Don't be scared off by the stealth mechanics, Mark of the Ninja does not turn into a frustrating exercise in trial and error. It also isn't one of those games where you spend two or three minutes hiding under a table. What we have here is pure action, even when you're trying your hardest not to get caught. Even if you accidentally alert the guards, there are plenty of ways to quickly escape that potentially deadly situation. Much like Arkham City, our hero has a grappling hook that will take him out of the action at a moment's notice. Or, if you're brave, you can stand your ground and fight. Our hero comes equipped with a sword, throwing knives and those trusty action items.
He also has his ninja senses to protect him, which is presented here as sound ripples. You can see every step the enemies make, which is invaluable when plotting stealth kills. There's no need for a Metal Gear Solid-style radar, every cue you need is presented on the screen. When a light gets turned off, you'll see who else noticed the darkness. When a dog barks, a giant blue ripple will let you know which guards were alerted. It's little touches like this that make Mark of the Ninja so easy to play.
Each stage comes with its own set of goals to complete. For example, one goal wants you to complete a level without breaking a single light bulb. In another stage, our hero needs to be sniffed by every attack dog. Sometimes the goals only apply to select parts of a stage, such as one that makes you ride a deadly elevator and another that wants you to find a generator in under a minute. Each stage also has hidden scrolls to locate and three score markers to beat. If you find everything, you'll earn nine points towards leveling-up items and techniques.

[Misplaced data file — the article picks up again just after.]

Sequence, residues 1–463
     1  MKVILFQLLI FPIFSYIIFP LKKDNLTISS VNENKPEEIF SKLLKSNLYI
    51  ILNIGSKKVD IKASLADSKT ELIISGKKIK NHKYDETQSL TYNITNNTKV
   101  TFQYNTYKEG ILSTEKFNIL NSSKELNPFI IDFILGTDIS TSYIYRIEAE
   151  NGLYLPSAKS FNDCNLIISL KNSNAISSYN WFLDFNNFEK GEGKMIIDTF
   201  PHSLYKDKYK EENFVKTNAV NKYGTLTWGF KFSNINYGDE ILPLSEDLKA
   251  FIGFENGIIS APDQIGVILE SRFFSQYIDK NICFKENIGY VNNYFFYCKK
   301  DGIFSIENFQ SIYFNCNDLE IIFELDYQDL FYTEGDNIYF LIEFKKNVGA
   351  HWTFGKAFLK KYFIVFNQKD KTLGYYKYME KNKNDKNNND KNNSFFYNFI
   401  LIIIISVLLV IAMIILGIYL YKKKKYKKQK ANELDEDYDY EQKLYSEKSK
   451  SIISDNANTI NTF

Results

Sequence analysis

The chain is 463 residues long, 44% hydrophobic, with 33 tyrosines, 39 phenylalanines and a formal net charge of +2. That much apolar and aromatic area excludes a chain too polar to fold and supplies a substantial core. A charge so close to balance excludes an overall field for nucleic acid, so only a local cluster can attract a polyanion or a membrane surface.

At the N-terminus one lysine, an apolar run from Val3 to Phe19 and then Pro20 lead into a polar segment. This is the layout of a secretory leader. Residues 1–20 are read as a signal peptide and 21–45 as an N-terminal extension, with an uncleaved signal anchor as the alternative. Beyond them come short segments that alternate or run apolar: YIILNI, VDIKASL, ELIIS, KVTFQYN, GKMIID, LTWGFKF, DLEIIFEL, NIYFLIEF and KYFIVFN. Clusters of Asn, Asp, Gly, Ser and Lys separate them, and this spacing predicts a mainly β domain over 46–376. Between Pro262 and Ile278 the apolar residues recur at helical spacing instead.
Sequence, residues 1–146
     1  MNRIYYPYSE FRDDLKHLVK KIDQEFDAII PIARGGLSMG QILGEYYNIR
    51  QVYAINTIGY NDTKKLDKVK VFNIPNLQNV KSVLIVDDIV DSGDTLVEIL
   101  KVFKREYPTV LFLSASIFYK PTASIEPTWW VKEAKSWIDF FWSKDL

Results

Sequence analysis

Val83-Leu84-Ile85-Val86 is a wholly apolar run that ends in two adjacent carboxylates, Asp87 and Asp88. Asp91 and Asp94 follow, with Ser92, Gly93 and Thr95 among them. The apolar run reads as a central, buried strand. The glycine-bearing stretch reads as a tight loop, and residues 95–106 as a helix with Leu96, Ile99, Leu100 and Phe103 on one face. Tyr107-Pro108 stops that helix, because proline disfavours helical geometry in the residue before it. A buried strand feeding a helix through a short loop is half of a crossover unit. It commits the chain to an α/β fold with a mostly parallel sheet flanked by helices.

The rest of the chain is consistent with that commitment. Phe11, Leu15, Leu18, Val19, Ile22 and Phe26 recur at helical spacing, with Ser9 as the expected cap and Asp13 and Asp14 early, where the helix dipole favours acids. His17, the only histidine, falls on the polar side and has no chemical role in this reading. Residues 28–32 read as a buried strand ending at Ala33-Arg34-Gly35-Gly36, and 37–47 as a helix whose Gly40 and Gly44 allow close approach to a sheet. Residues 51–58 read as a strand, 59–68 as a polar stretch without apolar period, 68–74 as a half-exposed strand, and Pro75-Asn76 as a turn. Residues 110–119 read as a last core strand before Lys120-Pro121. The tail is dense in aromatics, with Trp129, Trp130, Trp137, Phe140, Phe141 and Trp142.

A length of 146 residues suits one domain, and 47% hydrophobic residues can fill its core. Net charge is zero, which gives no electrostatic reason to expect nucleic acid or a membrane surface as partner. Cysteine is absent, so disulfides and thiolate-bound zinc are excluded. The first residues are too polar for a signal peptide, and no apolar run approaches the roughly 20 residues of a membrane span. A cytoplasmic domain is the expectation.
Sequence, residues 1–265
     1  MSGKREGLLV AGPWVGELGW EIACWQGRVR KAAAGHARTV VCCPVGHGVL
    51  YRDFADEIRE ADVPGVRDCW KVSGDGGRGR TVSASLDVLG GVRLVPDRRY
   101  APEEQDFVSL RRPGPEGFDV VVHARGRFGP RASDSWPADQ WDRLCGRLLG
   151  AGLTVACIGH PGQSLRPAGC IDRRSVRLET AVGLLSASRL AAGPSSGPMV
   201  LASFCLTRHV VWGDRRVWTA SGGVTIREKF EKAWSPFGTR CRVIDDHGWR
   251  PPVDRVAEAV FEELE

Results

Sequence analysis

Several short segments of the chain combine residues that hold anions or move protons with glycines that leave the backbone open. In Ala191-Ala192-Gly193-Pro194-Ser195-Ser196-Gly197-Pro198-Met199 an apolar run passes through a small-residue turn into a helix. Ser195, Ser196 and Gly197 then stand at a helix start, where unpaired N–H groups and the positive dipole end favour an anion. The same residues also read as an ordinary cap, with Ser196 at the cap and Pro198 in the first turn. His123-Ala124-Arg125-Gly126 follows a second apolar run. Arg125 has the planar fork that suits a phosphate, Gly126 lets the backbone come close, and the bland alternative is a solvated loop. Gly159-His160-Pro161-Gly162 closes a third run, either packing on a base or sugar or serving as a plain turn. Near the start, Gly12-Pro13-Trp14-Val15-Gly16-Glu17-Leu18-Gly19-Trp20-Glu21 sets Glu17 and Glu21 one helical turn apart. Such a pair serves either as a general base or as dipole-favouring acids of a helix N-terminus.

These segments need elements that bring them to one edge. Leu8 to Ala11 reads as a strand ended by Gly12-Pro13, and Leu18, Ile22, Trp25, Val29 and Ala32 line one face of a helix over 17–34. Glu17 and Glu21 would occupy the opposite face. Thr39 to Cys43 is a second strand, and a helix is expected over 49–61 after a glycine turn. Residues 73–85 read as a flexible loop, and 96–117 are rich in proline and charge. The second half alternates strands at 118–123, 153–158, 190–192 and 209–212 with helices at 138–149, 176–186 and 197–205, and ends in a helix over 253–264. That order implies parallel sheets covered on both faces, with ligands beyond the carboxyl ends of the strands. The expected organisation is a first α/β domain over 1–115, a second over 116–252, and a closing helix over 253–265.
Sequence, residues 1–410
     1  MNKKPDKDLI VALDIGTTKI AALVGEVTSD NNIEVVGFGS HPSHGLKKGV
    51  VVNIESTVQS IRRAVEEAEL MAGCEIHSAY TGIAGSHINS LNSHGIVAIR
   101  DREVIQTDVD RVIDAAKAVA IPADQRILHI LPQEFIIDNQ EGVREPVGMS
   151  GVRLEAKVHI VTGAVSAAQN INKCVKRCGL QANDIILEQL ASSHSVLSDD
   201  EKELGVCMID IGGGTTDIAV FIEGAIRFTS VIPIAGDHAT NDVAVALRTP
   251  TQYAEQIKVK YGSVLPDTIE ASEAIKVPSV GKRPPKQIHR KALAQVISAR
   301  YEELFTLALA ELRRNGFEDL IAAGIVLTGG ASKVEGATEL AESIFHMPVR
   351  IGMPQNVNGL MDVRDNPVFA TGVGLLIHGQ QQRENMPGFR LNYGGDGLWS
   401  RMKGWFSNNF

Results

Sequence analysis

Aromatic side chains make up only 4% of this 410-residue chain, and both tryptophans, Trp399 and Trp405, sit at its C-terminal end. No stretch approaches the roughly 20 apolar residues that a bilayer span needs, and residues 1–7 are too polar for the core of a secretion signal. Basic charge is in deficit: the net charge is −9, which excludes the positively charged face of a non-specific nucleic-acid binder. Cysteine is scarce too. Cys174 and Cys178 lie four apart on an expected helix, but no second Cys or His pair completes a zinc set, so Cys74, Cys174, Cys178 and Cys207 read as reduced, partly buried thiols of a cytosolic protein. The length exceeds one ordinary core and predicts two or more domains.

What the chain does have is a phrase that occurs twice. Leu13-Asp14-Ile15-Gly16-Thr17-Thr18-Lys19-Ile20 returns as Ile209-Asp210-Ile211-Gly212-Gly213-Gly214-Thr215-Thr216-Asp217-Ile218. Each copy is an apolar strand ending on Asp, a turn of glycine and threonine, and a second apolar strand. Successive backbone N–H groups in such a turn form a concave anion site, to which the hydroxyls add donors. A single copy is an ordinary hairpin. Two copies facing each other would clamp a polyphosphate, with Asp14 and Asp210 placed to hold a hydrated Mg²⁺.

On top of the stage goals, you'll run into special challenge courses that take you out of the story for a few minutes. These sections are completely detached from the rest of the game, warping our hero into a puzzle room. There are no enemies in these challenge stages, just lasers and other obstacles to avoid. If you're able to figure out the solution, you'll snag a scroll and be warped back to the main story. These puzzles are a fun diversion from the stealth action, it's a shame there aren't more of them.
The thirteen stages take place in a diverse set of locations. We start out in our peaceful dojo before moving on to several large buildings in Oshi City. Before long we're castle crashing in what appears to be Eastern Europe, followed by the ruins of some Middle Eastern city. The backgrounds are gorgeous, perfectly setting the tone for each new area. While much of the world you explore is covered in darkness, you can still pick out small details that bring the stages to life.
It's the character graphics and animation that steal the show. The hand-drawn graphics shine in HD, allowing for the types of comical reactions you might see in Saturday morning cartoons. Sometimes it's the subtle features, like a guard shrugging when he loses your trail. Other times it's more obvious, like the over-the-top expressions of a shell shocked baddie firing on his friends. The wide variety of kills are also beautifully executed (no pun intended), complete with close-ups of body parts flying and swords going every direction.
The single-player campaign is generous for a $15 downloadable title. I found myself putting in close to 15 hours, though much of that time involved me replaying stages to complete goals. I can see you spending twice that time if you try to earn all the achievements, solve the challenges and take on the new game plus mode. Needless to say, players will get their money's worth with Mark of the Ninja.
Eventually the story picks up and the twists and turns start taking hold. By this time I had been completely won over by the super-responsive controls, stylish graphics and non-stop brutality. I wasn't ready for an emotion ending that let me make my own fate. I also wasn't prepared to fall in love with Mark of the Ninja like I have. Even with its endlessly generic name, Klei's newest action game should not be missed.